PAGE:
In 1984 Kentucky center Sam Bowie entered the NBA draft and, after the Houston Rockets selected Hakeem Olajuwon with the top overall pick, the Portland Trail Blazers took Bowie over North Carolina shooting guard Michael Jordan with the second selection.
Of course, Jordan was picked third by the Chicago Bulls, and the rest is history. "Air Jordan" would go on to be one of the greatest players in basketball history, earning five Most Valuable Player trophies and winning six NBA Championships.
Fast forward to 2007. The Blazers select can't miss center Greg Oden from Ohio State over sensational scoring threat Kevin Durant.
It might be quite the stretch to compare Durant to Jordan, but there's little question that the former Texas star is going to develop into one of the NBA's best scorers over the next decade.
Oden, meanwhile, missed his rookie season after undergoing microfracture surgery on his right knee and, after over 500 days between real games, he was diagnosed with a mid-foot sprain after landing awkwardly in the Blazers' season-opening 96-76 loss to the Los Angeles Lakers on Tuesday.
The injury had disaster written all over it. "Lisfranc" was on the tip of everyone's lips, but afraid to be muttered.
Finally, the Blazers were able to breathe a sigh of relief on Wednesday when an MRI and CAT scan confirmed Oden had a mid-lateral right foot sprain and will miss only two to four weeks.
Still, leg injuries to a 7-foot, 285-pound men aren't exactly comforting.
Hindsight is the only exact science in sports, and with that firmly in their corner, many experts have called Portland's decision to draft Bowie one of the worst moves in NBA history.
Sports Illustrated even called the former Kentucky standout the biggest NBA draft bust ever. A ridiculous statement considering Bowie was a supremely talented player that finished his NBA career averaging 10.9 points, 7.5 rebounds and 1.78 blocks per game.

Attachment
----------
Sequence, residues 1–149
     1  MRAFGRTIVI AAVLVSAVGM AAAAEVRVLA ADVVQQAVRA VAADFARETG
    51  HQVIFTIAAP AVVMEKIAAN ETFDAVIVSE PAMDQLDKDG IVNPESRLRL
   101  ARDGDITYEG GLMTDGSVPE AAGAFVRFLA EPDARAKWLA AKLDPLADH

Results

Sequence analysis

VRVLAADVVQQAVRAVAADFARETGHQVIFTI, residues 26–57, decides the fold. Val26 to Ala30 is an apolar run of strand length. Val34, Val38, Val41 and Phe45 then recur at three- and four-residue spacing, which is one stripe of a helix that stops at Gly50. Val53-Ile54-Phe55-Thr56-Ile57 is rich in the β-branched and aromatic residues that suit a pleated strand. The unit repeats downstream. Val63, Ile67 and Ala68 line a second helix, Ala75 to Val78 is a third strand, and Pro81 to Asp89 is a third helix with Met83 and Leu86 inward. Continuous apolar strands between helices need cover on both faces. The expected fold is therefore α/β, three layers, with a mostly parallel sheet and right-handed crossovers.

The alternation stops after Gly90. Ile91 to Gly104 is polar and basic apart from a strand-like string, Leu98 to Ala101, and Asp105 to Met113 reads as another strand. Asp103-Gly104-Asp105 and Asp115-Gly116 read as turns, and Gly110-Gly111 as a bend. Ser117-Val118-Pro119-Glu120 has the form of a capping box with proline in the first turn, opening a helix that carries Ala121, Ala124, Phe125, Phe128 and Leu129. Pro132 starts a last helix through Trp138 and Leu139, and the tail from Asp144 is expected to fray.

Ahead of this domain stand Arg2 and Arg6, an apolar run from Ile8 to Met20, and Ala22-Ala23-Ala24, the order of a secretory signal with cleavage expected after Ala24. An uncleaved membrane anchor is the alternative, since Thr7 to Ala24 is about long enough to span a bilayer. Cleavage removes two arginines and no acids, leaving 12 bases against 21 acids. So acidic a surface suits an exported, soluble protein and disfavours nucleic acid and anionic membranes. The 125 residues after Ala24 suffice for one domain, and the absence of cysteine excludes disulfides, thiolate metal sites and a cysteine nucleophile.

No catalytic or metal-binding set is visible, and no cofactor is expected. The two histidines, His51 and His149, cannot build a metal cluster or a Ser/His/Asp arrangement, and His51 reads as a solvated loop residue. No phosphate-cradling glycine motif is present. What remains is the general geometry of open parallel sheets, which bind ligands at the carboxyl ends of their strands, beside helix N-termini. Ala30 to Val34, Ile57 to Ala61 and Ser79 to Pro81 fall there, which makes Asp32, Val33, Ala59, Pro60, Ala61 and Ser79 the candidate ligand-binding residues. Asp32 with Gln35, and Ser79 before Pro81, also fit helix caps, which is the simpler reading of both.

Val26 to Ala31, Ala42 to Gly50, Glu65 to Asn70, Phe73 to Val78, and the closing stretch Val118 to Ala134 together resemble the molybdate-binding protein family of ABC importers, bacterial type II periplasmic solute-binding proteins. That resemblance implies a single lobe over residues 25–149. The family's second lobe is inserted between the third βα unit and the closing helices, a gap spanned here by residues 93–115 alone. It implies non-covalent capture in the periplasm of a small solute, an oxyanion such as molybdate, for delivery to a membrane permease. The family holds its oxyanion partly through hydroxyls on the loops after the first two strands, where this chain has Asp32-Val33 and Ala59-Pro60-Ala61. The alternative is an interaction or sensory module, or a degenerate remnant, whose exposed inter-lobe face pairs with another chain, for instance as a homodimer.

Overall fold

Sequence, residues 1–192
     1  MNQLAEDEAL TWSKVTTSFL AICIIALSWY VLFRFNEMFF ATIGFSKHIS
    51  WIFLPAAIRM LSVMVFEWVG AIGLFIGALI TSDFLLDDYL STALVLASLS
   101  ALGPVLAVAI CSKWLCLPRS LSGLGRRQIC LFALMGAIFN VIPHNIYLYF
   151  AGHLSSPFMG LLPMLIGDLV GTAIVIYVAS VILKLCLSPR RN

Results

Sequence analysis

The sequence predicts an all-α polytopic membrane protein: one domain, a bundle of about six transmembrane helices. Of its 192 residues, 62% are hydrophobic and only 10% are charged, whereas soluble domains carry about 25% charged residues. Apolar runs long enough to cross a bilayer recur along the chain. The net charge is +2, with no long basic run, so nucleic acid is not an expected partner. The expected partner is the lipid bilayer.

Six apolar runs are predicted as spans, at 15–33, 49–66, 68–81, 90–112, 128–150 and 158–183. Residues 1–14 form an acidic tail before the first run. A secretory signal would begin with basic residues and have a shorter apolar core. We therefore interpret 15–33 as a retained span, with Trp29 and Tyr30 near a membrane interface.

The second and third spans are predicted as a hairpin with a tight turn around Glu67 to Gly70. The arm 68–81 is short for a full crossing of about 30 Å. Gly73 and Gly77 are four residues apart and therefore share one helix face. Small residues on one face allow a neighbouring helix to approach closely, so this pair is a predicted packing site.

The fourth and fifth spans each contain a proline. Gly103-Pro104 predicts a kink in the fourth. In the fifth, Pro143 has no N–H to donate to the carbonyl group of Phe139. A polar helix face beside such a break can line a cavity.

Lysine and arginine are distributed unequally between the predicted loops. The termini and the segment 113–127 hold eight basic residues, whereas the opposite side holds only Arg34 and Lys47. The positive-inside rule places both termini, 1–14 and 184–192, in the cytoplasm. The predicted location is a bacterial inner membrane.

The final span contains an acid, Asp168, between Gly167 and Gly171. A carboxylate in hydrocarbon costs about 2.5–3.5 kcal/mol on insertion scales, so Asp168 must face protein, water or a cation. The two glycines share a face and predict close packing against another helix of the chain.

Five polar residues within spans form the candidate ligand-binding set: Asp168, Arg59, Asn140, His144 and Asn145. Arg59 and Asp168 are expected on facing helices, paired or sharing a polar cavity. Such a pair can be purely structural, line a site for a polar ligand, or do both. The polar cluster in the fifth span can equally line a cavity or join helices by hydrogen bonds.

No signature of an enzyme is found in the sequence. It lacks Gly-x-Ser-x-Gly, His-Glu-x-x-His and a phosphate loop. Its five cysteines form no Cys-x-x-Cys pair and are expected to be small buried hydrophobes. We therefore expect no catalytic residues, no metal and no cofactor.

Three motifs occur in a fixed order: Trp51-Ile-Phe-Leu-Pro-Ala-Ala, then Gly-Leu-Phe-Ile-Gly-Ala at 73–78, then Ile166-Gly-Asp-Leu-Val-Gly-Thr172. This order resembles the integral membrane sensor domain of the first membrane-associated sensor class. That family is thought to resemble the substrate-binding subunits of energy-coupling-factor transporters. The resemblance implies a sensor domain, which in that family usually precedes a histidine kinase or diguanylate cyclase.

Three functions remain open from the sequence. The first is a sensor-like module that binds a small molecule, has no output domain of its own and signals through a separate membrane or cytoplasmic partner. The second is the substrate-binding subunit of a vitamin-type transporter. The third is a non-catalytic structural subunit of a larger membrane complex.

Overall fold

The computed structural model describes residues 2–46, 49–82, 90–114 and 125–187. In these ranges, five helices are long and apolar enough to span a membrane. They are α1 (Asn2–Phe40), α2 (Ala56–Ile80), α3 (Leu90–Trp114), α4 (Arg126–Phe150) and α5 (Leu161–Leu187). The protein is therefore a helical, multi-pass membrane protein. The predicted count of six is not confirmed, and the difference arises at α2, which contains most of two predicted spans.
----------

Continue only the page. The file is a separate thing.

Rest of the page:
The label of "bust" is tagged on Bowie thanks to the injuries and Jordan. However, few remember at the time of the '84 draft, Bowie was the logical choice for the Blazers since the team had just selected Hall of Famer Clyde Drexler, a shooting guard, during the prior season.
Lightning may be on the verge of striking twice in Portland.
At the time of his selection, few disagreed that Oden was the right choice but the injuries could derail everything.
Meanwhile, twenty years from now, if Durant is cobbling together his induction speech for the Naismith Hall of Fame and other players from the '07 draft like Atlanta power forward Al Horford and Sixers swingman Thaddeus Young develop into perennial All-Stars, the revisionists will be back, ridiculing the Blazers and breaking out the "bust" word all over again.
The truth is always far less interesting.
Sometimes it all boils down to luck, and the Trail Blazers aren't feeling all that lucky right now.